Hines Sight / Lessons from the Wizard of Oz
Published 10:30 am, Friday, June 21, 2013
"The Wizard of Oz," the beloved American classic movie of 1939, is celebrating its 75th anniversary. The film will be re-released in theaters in IMAX 3D -- more glitz, glamour and color -- for one week in September and also is being redistributed in BluRay and BluRay 3D.
When I was a child, "The Wizard of Oz" was a special event. I was spellbound by its magical qualities and memorable music. Every year until I was a teenager, I headed to my grandparents' house to watch the spectacle because they were the only ones in the immediate family who had a color television.
There's been lots of hoopla surrounding the anniversary. So much so, that I got to thinking about how the characters and the theme of the movie could be an analogy for life here in Fairfield and our town government. Sometimes, this is how my mind operates. So work with me.
As the story goes, farm girl Dorothy gets left behind after a tornado sweeps through Kansas. She is knocked unconscious by flying debris, and awakens in the serene, colorful world called the Land of Oz, wearing ruby slippers. In her travels, she meets the residents of Munchkinland, a good witch, a bad witch, a scarecrow who has no brain, a tin man with no heart and a lion lacking courage. Oh, and a pack of flying monkeys who do the bad witch's dirty work.
Together, Dorothy, Scarecrow, Tin Man and Cowardly Lion follow the yellow brick road to the Emerald City to meet the great and powerful Oz, who they hope will give Dorothy a home, the scarecrow a brain, the tin man a heart and the lion some courage. They hit several scary bumps in the road along the way. But all of it never seems too bad once they break into song.
So who's who's who in our Fairfield-Land-of-Oz?
Let's start with Dorothy. This is easy. Dorothy is us -- the residents of Fairfield. Think about it. What does Dorothy want other than her home, her family and some security?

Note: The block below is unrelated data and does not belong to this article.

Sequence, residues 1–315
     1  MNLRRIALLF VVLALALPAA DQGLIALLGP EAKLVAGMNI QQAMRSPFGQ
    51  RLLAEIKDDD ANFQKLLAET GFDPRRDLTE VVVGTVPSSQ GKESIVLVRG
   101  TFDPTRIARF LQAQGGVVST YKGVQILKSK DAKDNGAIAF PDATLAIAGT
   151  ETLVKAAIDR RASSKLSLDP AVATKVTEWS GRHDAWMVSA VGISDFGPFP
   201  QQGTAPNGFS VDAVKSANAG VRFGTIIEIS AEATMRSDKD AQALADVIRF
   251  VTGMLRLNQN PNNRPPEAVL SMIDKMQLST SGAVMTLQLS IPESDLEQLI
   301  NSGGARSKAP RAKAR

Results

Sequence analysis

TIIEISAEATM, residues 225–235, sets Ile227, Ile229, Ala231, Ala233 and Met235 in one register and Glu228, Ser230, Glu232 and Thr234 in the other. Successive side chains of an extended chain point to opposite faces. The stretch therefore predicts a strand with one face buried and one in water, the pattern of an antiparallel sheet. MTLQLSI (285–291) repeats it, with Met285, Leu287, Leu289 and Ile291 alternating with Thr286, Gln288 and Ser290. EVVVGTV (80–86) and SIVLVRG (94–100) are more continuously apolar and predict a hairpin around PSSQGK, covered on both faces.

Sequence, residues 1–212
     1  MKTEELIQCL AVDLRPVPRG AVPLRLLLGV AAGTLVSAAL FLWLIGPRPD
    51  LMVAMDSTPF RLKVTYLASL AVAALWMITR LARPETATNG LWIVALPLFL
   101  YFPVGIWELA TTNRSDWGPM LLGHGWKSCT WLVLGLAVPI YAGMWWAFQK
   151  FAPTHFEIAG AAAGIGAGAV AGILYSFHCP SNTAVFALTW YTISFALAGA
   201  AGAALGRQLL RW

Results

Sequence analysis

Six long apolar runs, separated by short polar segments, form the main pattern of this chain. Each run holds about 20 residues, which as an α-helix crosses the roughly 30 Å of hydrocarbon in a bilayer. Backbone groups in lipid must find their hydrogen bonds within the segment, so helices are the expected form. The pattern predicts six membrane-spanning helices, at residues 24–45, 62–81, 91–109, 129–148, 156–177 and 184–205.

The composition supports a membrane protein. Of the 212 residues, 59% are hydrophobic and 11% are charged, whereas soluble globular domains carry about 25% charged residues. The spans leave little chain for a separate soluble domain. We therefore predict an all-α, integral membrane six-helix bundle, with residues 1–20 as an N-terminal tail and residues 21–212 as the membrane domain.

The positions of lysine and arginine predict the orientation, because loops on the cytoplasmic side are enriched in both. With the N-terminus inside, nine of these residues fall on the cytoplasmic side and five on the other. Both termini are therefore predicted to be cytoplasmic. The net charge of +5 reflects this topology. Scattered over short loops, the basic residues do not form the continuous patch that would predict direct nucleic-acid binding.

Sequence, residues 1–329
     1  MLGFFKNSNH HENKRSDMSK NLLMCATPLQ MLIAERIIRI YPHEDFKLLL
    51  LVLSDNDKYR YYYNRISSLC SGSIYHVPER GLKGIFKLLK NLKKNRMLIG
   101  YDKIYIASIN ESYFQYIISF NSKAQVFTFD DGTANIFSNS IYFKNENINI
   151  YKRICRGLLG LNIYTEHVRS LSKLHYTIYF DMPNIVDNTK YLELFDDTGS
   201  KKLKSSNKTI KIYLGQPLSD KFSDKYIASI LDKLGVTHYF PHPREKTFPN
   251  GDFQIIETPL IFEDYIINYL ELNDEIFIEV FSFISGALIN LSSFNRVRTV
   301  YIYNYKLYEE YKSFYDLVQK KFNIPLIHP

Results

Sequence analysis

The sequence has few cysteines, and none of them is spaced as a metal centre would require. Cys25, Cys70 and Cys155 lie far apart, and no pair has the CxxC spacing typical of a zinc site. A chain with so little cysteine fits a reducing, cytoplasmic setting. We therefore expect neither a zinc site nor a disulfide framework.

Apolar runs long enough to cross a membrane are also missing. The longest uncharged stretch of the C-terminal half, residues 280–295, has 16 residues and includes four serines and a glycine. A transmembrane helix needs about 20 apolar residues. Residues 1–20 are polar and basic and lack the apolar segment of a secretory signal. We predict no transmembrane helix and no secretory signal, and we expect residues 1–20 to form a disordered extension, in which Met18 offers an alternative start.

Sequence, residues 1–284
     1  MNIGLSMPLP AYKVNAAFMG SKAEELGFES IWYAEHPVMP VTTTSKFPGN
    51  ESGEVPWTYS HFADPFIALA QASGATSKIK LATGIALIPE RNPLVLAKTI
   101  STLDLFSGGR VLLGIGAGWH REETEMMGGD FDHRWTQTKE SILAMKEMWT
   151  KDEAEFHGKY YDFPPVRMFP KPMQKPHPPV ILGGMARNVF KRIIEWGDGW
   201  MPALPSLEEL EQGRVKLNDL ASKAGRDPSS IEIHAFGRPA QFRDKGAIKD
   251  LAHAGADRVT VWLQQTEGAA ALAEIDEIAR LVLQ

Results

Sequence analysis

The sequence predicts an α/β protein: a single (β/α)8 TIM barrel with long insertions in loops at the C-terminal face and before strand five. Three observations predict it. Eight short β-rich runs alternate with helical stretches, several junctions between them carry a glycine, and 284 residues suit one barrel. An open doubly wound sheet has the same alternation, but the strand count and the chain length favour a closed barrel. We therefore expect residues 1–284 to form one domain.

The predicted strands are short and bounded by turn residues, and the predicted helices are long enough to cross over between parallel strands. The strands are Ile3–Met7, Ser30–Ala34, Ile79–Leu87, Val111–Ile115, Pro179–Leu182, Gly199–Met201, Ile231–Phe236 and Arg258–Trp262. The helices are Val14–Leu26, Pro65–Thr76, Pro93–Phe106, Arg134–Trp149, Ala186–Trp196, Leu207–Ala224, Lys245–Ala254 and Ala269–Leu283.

We've had good witches over the years. The good witch is the strong, yet calming force who protects the munchkins and shows Dorothy the way.
How about Dorothy's three companions? Who, by the way, cause many mishaps for the innocent girl (or the meek and mild, as Dorothy says).
He has a brain, but he didn't use it well recently when he tried to circumvent public access laws and had an apparent conflict of interest between his civic duty and his private-sector job.
The Tin Man goes to First Selectman Michael Tetreau, who obviously wasn't thinking with his heart when he proposed a more than 6 percent increase in taxes earlier this year. Fortunately, Scarecrows who do have brains used them to reduce the tax increase to a more palatable level.
Cowardly Lion? There are plenty of elected officials who just don't have the guts to make the tough and/or right decisions. Don't you feel that sometimes our town leaders don't have the courage to just say "no"?
The munchkins are all those hard-working town employees who get little respect or notice. The residents of Munchkinland were happy little people who lived in a world surrounded by light and loveliness. But from what I hear, the morale at town hall is not good.
Who's the wicked witch? Well, the wicked witch in our scenario is not a person, but rather an uncontrollable, vicious system that tries to get more and more of taxpayers' hard-earned dollars (or the ruby slippers).
In the movie, the witch is melted when a bucket of water is thrown on her. I don't see our wicked system melting any time soon, do you? And the flying monkeys? Our tax dollars, of course.
This brings us to the wizard. We've had a few first selectmen over the years who have fancied themselves wizards, who were all talk and who provided little, if any, acceptable action. While the wizard may appear as a scary figure surrounded by raging fire, he actually is the voice of reason.
He tells Dorothy and her companions that they aren't lacking for anything; they just need a little direction. The wizard is a wise man, patient and reasonable, who explains life to his visitors and is respected by the people in the Emerald City.
Only one person comes to mind for me --Paul Hiller, our former chief fiscal officer. As the people of the Emerald City would say, "The wizard will know. Let's ask the wizard." And Hiller always had the answer.
Even with all its problems, traffic, wasteful spending and sometimes brainless people, Fairfield is still a good place to live with lots to offer. As Dorothy would say, "There's no place like home."
Patricia A. Hines is a Fairfield writer, and her "Hines Sight" appears every other Friday. She can be reached at firstname.lastname@example.org. She also can be followed @patricia_hines on Twitter.